Supporting Timely and Successful Reunifications

Safe and timely family reunification is the primary permanency option for most children and youth who have been removed from their parent’s care. All children belong with family, and family separation is a traumatic experience for both children and parents. The root causes that lead to family separation can often be addressed by connecting families with tailored services to meet their needs. Reunification planning is an opportunity to equip families with tools and support that can help them thrive in the long term and prevent foster care reentry. It is critical that caseworkers take a family-centered, trauma-informed, culturally sensitive, and strengths-based approach when working with families to achieve reunification. Key pieces of that comprehensive approach are authentically engaging parents, children, and youth and helping them build their natural supports and network of family, kin, and community. This bulletin features strategies and best practices to help caseworkers support families before, during, and after the reunification process.


Reunification is the practice of returning both care and custody of a child to a parent1 following the child’s entry into the foster care system. It is a legal process overseen by a court and is usually contingent on a parent’s completion of a case plan and participation in required services and a determination that safety can be managed in the home. Reunification is considered “timely” when it occurs within 12 months of the child entering foster care (Children’s Bureau, 2022a). The term “successful” can have many interpretations, but for the purpose of this publication, reunification is deemed “successful” when families remain together following reunification and children do not re-enter foster care.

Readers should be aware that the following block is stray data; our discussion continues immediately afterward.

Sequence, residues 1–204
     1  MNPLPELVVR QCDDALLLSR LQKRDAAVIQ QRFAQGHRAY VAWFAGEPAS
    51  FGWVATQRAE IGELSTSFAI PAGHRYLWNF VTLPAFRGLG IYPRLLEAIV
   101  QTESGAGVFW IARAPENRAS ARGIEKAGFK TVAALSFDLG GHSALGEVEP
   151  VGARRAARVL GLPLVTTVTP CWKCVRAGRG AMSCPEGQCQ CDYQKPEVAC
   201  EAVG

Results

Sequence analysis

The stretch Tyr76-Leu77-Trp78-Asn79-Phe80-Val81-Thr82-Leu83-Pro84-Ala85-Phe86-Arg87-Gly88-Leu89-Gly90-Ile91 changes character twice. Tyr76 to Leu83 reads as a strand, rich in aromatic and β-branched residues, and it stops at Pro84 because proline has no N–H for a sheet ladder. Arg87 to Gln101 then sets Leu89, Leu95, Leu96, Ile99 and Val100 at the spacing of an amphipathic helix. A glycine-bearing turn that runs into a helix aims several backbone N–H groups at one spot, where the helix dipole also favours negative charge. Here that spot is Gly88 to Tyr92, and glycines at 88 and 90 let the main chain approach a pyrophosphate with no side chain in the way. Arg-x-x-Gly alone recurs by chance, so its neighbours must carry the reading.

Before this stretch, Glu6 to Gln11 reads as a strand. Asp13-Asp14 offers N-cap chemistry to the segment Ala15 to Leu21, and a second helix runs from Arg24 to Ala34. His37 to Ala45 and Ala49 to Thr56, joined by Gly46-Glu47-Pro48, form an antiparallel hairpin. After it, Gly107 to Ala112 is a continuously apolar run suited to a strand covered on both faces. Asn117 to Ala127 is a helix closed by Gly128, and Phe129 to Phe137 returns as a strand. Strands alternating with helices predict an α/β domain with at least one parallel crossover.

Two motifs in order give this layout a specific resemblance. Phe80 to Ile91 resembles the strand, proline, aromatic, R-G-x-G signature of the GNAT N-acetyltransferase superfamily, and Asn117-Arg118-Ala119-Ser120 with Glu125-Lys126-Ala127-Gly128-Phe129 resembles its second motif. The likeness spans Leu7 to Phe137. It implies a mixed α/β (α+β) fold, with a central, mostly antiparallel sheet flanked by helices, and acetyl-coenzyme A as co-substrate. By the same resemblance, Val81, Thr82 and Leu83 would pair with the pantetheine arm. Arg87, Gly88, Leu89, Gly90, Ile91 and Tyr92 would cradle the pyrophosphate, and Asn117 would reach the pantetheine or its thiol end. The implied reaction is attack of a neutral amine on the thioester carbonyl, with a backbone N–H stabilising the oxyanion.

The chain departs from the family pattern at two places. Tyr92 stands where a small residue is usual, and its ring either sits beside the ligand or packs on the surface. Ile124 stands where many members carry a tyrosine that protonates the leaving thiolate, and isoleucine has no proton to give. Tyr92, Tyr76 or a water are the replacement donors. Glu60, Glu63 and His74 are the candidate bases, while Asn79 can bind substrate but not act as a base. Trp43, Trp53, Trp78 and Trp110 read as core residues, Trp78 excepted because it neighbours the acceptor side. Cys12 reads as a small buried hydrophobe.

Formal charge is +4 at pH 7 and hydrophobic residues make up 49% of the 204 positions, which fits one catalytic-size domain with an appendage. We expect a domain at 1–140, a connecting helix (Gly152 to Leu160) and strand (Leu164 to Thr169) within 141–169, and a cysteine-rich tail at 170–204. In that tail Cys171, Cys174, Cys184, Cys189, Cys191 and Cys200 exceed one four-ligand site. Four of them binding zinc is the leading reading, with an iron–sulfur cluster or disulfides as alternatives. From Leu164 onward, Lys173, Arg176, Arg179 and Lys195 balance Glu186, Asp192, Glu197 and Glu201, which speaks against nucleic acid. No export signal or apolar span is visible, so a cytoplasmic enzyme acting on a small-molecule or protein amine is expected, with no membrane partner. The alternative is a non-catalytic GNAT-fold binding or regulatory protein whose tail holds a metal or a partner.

The Adoption and Safe Families Act of 1997 (ASFA) requires States to make reasonable efforts to preserve or reunify families. This includes connecting families with services, performing home visits, partnering with families and youth in case planning, etc. The law also outlines several conditions under which States do not have to make such efforts (for example, in cases where the parent subjected the child to aggravated circumstances, such as sexual abuse). Situations outside of those identified by ASFA may pose reunification challenges as well (for example, in families where parents do not affirm a young person who identifies as LGBTQIA2S+ [lesbian, gay, bisexual, transgender, questioning, intersex, asexual, Two-Spirit, or another gender or sexual identity]). However, it’s still the child welfare agency’s legal responsibility to make reasonable efforts to preserve or reunify families before recommending a change in the permanency goal.


The U.S. Department of Health and Human Services’ Children’s Bureau collects State and Federal data on reunification and reentry. Based on data from the Adoption and Foster Care Analysis and Reporting System, reunification is the most common goal for children in foster or out-of-home care (53 percent in fiscal year [FY] 2021) as well as the most common outcome for children leaving State custody (47 percent in FY 2021) (Children’s Bureau, 2022b). Families from nonWhite racial, ethnic, and cultural backgrounds may experience inequitable outcomes throughout the child welfare system. For example, children who are Black or African American, Hispanic and Latino, and American Indian/Alaska Native are disproportionately represented in foster care compared with their percentage of the general population (Children’s Bureau, n.d.).

In 2019, of all children who reunited with their parents or other caregivers, a national median of 63 percent were reunited within 12 months of entering care (Children’s Bureau, 2022a). A national median of more than 7 percent of children reentered care within 12 months of a prior foster care episode. Data show a decline in performance over the last 5 years in both achieving timely family reunifications and the percentage of children re-entering care (Children’s Bureau, 2022a). As a result, the Children’s Bureau recommends that agencies identify and review specific barriers to achieving timely reunifications.

Additionally, the reunification rates for certain racial and ethnic groups may be different, further exemplifying the disparate outcomes faced by non-White families. Many studies show that non-Hispanic Black children and American Indian/Alaska Native children are less likely to be reunited with their families than non-Hispanic White children, but this finding is not consistent across all studies (LaBrenz et al., 2023).


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